Let it be said upfront that in this more enlightened time, legendary photograph Weegee is not the kind of person that is given a lot of sympathy. He is, to put it in current vernacular, “problematic.” His most famous period of work, the period covered in this biography Weegee: Serial Photographer, had him combing the twilight streets of New York City in order to capture the lurid sights that gave that city its jolt of thrill, while also repelling the people who were attracted to that jolt. People, particularly women, particularly immigrants, were, in context of his photos, objects meant not just to exoticize the darkness of the city, but proclaim himself the master of it. It’s the kind of urban porn that is now frowned upon.
But historical figures are typically problematic, particularly artistic ones, and to dismiss Weegee because of this aspect is to refuse to look at a strain of American culture that extends to this era. Our obsession with true crime podcasts, the vast array of reality TV offerings, and the disturbing rise of YouTube stars, Instagram stars, and whatever other desperate self-promoters you find online, they all reach back to Weegee and his era.
Max de Radigues seems to get this, but he also understands that part of the lure of Weegee is the time in which he practiced his trade. Watching some teenager on YouTube monetize his monologues is not as exciting as seeing Weegee wade through the dark muck of humanity, with only his flash piercing the night to reveal a corpse that would, to the rest of humanity, remain a secret note of our worst aspects. There’s a romance to this, and if superheroes existed in the real world, they would probably be a lot less like the Watchmen and a lot more like Weegee.
Weegee is our world’s Batman, a self-serving herald of a gruesome, raunchy world hidden to many of us, especially in the 1940s. Our superhero doesn’t solve crimes, he exposes them. He has no rogues gallery, he just drinks at the same saloon. In the visual presentation, de Radigues and Wauter Mannaert gets this beautifully — his depraved twilight New York City is one of brutal beauty and a kinetic energy that makes you understand why Weegee sped around with his camera. Who wouldn’t want to do that in the city as presented by Mannaert?
But there’s a conflict at the heart of Weegee. Well, several actually. One is that his preoccupation with the tragic, the grotesque, the pathetic haunts him in his unconscious, unleashed in nightmares that question his own complicity in this culture of violence and inhumanity that Weegee documents.
Another is his own desire for a higher station in life. An immigrant living in the Lower East Side, it’s both an understandable and typical goal. But like that jolt of thrill I mentioned, Weegee is both invited into that more reputable world and turned away from it. He sneaks in, but he’s a permanent outsider there. Part of that is because he is genuinely incapable of being anyone but himself. Part of that is because the stench of the world he brings functions merely as a novelty to the inhabitants of the world he’s trying to enter.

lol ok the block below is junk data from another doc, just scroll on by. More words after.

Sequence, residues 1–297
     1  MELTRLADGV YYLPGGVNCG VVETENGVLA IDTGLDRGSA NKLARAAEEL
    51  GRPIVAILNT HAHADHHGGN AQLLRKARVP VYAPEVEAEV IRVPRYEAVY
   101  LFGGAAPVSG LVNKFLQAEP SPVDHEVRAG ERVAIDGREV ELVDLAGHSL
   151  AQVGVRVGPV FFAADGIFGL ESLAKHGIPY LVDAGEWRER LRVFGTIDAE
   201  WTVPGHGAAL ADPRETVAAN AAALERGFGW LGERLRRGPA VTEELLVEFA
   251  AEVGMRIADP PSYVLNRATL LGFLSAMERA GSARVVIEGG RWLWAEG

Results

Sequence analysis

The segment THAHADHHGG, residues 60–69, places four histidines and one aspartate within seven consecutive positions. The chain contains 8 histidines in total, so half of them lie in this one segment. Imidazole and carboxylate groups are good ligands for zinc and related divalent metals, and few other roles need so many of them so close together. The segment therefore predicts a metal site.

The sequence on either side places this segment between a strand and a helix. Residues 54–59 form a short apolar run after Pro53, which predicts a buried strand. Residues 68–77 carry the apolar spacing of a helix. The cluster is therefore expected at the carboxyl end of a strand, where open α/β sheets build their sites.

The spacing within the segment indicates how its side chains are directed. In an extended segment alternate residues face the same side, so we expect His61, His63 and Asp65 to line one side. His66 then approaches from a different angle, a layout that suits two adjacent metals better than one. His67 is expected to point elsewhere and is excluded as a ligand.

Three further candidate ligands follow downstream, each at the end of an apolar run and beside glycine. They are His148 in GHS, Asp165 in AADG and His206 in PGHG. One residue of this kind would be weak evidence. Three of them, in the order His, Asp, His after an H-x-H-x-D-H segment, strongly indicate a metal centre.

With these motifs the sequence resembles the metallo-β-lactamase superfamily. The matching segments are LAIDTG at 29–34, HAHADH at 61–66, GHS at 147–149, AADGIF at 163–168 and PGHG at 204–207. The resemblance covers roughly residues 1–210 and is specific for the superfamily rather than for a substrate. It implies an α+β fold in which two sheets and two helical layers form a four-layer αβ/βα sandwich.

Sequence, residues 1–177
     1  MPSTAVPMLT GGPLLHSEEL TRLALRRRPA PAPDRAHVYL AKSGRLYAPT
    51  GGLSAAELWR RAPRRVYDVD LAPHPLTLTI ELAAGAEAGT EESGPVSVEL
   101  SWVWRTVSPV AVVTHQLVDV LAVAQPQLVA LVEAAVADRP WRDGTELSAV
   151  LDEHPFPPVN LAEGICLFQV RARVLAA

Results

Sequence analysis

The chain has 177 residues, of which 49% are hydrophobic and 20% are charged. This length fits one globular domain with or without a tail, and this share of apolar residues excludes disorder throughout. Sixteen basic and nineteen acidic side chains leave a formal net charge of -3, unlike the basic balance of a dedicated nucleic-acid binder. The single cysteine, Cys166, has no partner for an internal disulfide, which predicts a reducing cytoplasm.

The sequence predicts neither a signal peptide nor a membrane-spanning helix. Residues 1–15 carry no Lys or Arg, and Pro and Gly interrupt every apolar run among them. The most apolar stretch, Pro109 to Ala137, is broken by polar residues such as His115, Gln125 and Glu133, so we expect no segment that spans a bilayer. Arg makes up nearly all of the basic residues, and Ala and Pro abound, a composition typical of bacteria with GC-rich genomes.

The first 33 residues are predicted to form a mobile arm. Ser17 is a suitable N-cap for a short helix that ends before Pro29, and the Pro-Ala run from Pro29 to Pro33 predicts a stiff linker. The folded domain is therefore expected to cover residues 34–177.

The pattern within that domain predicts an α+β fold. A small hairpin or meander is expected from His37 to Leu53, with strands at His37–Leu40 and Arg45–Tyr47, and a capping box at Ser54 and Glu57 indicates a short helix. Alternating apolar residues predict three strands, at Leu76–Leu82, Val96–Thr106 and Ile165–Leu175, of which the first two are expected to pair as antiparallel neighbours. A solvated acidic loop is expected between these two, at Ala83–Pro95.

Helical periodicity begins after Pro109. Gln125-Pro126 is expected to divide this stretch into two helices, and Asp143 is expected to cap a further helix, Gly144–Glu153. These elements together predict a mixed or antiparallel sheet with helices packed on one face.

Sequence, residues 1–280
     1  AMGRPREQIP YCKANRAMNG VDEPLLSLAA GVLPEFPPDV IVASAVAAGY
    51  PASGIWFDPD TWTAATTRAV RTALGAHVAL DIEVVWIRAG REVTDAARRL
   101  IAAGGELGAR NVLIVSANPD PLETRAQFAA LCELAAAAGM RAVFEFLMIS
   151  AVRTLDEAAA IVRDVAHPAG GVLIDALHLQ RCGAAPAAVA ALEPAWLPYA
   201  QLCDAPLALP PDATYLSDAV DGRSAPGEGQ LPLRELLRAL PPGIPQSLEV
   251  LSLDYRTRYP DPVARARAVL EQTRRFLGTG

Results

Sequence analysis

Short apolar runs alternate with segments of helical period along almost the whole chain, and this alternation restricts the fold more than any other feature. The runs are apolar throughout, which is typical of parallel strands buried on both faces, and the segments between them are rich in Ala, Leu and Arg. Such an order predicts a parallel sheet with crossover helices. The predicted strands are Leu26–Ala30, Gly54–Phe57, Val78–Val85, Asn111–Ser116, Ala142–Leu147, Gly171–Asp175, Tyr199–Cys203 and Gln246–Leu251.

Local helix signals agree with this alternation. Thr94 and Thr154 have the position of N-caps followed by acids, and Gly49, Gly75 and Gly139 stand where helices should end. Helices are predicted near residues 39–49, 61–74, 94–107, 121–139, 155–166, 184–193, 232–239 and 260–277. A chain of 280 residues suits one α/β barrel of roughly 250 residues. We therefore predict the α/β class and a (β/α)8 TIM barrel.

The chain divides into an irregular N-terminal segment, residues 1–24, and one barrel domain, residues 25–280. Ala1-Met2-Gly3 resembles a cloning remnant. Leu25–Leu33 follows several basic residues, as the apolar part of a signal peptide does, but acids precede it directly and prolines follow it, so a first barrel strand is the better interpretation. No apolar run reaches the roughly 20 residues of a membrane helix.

And then there’s the conflict that affects us all—fake news, really. Many of Weegee’s photographs of true crime and city scenes contain staging. Fictional elements. They are part truth. They portray a pure truth that reality sometimes doesn’t. In this way, Weegee is the spiritual ancestor of filmmaker Werner Herzog, though Weegee was partially well-honed identity based on a real one, not entirely the person he actually was, but neither what he presented to the world. But what has this routine combination of fiction and fact brought us? Fiction is reality? Reality is fiction? Everything is a mix? Can we trust our own eyes or even our own brains? Has this been going on so long that we can’t tell the difference anymore?
The story of Weegee is ultimately a tragic one because it’s the story of a person who denies who he is. Weegee moves on from the street photography and never quite finds himself in the same way. But that’s probably what he had to do to get through life. The horrors he faced in the streets of New York City, and the cynical approach he took to capturing them, couldn’t possibly have gone on forever. The worst part about the ugly side of life is the realization that its been going on forever and probably isn’t going away any time soon.
Weegee is all of us and we are all “problematic” in our own way, because we all sometimes find ourselves qualifying the ugliness in unsympathetic ways just to get through this universe, and we all need to turn away eventually to save our own soiled souls. That’s just the human condition and Weegee makes us look at that.
John Seven is a journalist and children’s book writer living in North Adams, Massachusetts. His books include ‘A Rule Is To Break: A Child’s Guide To Anarchy,’ ‘Happy Punks 1-2-3,’ ‘Frankie Liked To Sing,’ and others. Find out about all his things at johnseven.me.